He has completed 500+ consulting and due diligence assignments for clients ranging from stock exchange listed corporations to small-to-medium sized companies throughout the energy supply chain. His government & industry association contracts include numerous reports on the impact of free trade agreements in Europe and the Americas on the ocean energy industry.

 
QUESTIONS
What is Wave Energy ?

What are the advantages and disadvantages of alternative tidal power as an energy source?

Is Tidal energy is currently more expensive to generate than conventional energy or that from many other renewable sources.

Can ocean energy sources compete with offshore oil & gas?
Has there been commercial success with ocean energy?
According to the World Energy Council, costs are currently in the 12-16 CAN cents/kWhr range, but within 3-5 years they can be expected to come down to the 5-7 cents cents/kWhr range when using wave Energy or Ocean energy technology?

What are the Effects on marine life during construction phases?
What expertise needs to be in place for for Ocean Power or energy to  prosper in Canada?
The history of the development of wave energy technology clearly shows that government support is necessary. When such support abruptly stoppes, technological advances also stoppes, or at least slowes down dramatically, my question to you david how important and necessary is the government support ?.
Is the Power that is often generated from the Ocean , is it generated when there is little demand for electricity?


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notes
What is Wave Energy?
As wind blows over the surface of the ocean, water is moved nearer to the surface and creates a wave. The energy that is available through waves depends primarily on a two factors, the length of the wave, and its height.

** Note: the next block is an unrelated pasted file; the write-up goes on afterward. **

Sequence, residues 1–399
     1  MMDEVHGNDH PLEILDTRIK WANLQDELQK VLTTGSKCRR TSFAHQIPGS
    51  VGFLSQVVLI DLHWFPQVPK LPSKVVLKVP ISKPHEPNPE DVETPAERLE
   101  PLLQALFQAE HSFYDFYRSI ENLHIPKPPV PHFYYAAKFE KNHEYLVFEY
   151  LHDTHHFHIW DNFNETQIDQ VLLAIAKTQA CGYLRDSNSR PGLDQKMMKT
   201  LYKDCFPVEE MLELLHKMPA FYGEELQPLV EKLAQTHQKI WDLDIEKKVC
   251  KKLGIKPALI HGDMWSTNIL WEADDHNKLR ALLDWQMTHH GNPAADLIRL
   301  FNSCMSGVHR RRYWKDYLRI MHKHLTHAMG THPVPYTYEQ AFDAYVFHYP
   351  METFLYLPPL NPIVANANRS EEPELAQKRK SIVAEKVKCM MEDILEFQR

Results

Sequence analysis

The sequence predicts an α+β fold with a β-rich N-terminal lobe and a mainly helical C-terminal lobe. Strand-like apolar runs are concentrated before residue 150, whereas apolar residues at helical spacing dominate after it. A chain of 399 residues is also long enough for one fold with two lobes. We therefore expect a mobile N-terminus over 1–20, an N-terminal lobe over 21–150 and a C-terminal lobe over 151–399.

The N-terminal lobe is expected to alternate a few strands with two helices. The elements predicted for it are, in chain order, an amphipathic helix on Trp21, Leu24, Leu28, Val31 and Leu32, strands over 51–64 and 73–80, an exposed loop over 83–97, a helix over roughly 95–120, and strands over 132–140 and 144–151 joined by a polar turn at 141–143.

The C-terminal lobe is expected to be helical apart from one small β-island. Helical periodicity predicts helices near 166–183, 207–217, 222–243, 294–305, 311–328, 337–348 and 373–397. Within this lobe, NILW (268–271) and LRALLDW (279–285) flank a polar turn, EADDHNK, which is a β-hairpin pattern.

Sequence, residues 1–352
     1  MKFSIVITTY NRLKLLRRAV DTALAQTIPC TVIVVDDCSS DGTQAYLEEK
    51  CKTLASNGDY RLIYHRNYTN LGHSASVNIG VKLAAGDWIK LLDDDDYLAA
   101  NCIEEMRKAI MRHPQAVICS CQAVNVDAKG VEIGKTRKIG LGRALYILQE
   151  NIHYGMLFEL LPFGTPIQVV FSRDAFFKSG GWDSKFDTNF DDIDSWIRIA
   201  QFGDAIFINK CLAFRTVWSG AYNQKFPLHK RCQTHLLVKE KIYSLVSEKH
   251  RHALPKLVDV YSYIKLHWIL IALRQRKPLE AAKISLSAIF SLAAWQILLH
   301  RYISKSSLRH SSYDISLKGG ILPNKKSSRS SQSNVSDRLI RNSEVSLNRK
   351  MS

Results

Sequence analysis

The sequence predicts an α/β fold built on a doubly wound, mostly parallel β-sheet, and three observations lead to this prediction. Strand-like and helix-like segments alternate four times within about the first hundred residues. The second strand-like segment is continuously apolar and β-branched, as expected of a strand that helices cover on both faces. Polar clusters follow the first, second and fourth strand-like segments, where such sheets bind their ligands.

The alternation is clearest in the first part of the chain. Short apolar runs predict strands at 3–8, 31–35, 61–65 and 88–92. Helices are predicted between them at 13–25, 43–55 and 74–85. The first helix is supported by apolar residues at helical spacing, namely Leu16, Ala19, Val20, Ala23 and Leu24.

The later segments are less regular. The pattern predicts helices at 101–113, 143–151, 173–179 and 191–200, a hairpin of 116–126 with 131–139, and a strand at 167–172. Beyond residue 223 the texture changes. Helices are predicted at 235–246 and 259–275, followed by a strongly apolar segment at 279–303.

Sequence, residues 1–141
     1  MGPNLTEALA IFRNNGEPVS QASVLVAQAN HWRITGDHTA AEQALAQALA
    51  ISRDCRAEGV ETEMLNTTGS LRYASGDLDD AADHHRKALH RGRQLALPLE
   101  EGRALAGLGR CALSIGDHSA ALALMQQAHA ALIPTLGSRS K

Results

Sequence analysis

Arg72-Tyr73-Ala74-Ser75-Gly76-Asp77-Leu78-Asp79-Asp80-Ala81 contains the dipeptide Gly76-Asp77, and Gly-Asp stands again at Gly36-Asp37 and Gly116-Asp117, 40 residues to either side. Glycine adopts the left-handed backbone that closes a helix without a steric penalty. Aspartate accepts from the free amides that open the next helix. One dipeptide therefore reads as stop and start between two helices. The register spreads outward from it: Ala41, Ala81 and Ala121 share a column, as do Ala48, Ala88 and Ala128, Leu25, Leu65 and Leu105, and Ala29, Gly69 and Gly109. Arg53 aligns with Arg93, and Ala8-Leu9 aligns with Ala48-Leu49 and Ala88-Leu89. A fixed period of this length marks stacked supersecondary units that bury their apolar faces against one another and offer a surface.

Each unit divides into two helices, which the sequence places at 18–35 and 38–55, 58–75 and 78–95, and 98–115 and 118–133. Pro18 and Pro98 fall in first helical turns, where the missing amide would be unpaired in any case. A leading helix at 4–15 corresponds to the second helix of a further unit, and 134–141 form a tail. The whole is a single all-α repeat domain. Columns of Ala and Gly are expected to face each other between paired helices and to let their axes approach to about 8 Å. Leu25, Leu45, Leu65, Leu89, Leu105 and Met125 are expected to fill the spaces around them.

To capture the energy found in these waves and convert it to power there are numerous devices being developed. These devices typically fall into one of five categories:
1. Buoys
2. Surface Following
3. Oscillating Water Column
4. Terminators
5. Overtopping
What is Tidal Energy?
Tides are created by the gravitational forces of the sun and the moon. Tidal currents are the strongest where the water passes through narrow channels. In New Brunswick we are fortunate that The Bay of Fundy has the highest tides in the world. It is estimated that Canada's tidal energy potential could meet two thirds of our current demand. Source: Ocean Renewable Energy Group.
There are three main types of technologies used to capture the tidal power and convert it to energy:
1. Vertical Axis Turbines
2. Horizontal Axis Turbines
3. Reciprocating Hydrofoils (operate much like a fish tail)
Possible Ocean Energy Sites:


What are the advantages and disadvantages of alternative tidal power as an energy source?


Advantages:
  • Tidal energy is an alternative energy.
  • The energy produced is clean and non polluting.
  • There is no carbon dioxide or any other by-products released. It produces no greenhouse gases or other waste.
  • It is a renewable energy that will help reduce our reliance on the burning of fossil fuels.
  • There are two tides every day and they can be relied on. The energy is there for the taking.
  • So the electricity supply is constant and efficient.
  • Once you've built it, the energy is free because it comes from the ocean's power
  • It needs no fuel.
  • It produces electricity reliably.
  • Not expensive to maintain.
  • Tides are definitely predictable. There are two tides every day and they can be relied on. So the electricity supply is constant.
  • Offshore turbines and vertical-axis turbines are not ruinously expensive to build and do not have a large environmental impact.
  • A plant is expected to be in production for 75 to 100 years
  • Uses an abundant, inexpensive fuel source (water) to generate power
  • May protect coastline against damage from high storm tides and provide a ready-made road bridge

Disadvantages:
  • Holding back the tide allows silt to build up on the river bed.
  • The dams and barrages sometimes interfere with shipping.